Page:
opinions on the battery operated "ready welders"

I just searched though the last 7000 messages here and there's been no comments to posts about "ready welders"

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If you believe their hype, they can do twice as much as a $4,000 Lincoln or Miller machine and for $3,500 LESS.

They operate off of 12 volt batteries and can weld any metal (Up to 3/4" penitration!!!)

They say.

It's all too good to be true if you ask me. Maybe they only run for 30 seconds on a battery. hehehe

Any opinions? I have an artist friend whose thinking about buying one of these things.

James Kelsey

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Try looking through sci.engr.joining.welding - discussed somewhat frequently, generally favorable reviews, at least WRT small-scale or hobby use, portable use, good bang for the buck, etc.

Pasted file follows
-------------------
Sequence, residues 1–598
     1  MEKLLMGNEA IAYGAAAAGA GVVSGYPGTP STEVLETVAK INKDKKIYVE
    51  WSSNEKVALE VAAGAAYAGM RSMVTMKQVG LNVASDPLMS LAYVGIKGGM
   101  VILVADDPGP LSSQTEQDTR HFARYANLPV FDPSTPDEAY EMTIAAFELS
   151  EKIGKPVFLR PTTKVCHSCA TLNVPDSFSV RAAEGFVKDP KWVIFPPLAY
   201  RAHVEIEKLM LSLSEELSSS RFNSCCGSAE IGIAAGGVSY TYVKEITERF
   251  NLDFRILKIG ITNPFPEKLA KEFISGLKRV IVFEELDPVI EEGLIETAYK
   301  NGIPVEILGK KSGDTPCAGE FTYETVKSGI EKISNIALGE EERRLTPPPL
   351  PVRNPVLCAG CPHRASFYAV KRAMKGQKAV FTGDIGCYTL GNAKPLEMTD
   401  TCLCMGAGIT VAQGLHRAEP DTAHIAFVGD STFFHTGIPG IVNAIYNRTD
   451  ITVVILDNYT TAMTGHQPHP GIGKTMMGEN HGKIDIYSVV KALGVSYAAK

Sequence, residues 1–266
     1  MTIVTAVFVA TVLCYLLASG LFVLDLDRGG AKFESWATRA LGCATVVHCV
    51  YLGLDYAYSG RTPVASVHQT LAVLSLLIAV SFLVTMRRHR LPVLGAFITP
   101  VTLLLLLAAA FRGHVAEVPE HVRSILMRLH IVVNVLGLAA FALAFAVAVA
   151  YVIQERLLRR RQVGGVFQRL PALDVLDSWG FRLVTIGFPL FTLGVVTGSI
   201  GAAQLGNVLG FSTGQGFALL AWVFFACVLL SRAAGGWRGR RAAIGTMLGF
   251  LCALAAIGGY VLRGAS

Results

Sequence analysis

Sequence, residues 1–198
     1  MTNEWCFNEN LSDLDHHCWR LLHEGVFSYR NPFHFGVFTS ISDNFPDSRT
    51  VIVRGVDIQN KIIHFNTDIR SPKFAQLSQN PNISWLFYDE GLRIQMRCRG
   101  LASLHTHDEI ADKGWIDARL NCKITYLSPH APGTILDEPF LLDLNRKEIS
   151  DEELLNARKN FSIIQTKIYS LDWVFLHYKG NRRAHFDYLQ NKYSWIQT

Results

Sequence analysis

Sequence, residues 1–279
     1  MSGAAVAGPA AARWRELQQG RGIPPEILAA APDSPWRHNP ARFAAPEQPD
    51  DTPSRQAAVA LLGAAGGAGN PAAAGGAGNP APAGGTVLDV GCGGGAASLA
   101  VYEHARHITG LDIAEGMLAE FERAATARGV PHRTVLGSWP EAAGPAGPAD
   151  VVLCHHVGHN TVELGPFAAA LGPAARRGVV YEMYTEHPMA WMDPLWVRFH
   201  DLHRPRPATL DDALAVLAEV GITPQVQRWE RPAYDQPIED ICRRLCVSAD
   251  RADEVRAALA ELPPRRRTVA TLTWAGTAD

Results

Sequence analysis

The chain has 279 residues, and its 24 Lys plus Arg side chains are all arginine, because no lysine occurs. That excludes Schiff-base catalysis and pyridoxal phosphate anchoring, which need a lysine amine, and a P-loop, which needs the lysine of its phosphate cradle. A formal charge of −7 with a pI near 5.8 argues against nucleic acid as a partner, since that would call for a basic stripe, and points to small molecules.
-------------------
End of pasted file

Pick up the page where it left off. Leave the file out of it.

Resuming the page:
Read their literature a bit more carefully, too - you've posted some things which indicate a careless reading (for instance, 12V is really only for very limited uses, 18-24V for more typical stuff and 36V to do the heavy plate). A few 6V or 12v golf-cart batteries can be combined to provide choices in voltage.

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Ernie likes 'em. He was showing me his the last time I was in his shop. He was telling me how amazingly portable they are. Of course, I always weld within the same six foot square so portability isn't an issue with me.

They work with a whole lot of power sources, and Ernie says they work very well.


Ra> I just searched though the last 7000 messages here and there's been no